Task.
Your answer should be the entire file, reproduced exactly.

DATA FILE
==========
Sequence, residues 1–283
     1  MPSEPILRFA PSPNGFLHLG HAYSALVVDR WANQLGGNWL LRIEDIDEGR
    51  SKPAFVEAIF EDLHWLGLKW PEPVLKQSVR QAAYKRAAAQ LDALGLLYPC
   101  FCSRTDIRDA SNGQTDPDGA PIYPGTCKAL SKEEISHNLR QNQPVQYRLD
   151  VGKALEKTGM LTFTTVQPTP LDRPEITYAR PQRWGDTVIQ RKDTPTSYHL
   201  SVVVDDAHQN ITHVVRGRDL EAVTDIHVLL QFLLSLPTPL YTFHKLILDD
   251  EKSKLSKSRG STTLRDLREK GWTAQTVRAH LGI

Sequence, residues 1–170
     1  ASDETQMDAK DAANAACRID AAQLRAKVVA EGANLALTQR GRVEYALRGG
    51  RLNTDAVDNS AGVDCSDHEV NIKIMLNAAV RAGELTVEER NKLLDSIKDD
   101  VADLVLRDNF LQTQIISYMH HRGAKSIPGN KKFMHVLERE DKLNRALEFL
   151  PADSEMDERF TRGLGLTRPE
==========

Sequence, residues 1–283
     1  MPSEPILRFA PSPNGFLHLG HAYSALVVDR WANQLGGNWL LRIEDIDEGR
    51  SKPAFVEAIF EDLHWLGLKW PEPVLKQSVR QAAYKRAAAQ LDALGLLYPC
   101  FCSRTDIRDA SNGQTDPDGA PIYPGTCKAL SKEEISHNLR QNQPVQYRLD
   151  VGKALEKTGM LTFTTVQPTP LDRPEITYAR PQRWGDTVIQ RKDTPTSYHL
   201  SVVVDDAHQN ITHVVRGRDL EAVTDIHVLL QFLLSLPTPL YTFHKLILDD
   251  EKSKLSKSRG STTLRDLREK GWTAQTVRAH LGI

Sequence, residues 1–170
     1  ASDETQMDAK DAANAACRID AAQLRAKVVA EGANLALTQR GRVEYALRGG
    51  RLNTDAVDNS AGVDCSDHEV NIKIMLNAAV RAGELTVEER NKLLDSIKDD
   101  VADLVLRDNF LQTQIISYMH HRGAKSIPGN KKFMHVLERE DKLNRALEFL
   151  PADSEMDERF TRGLGLTRPE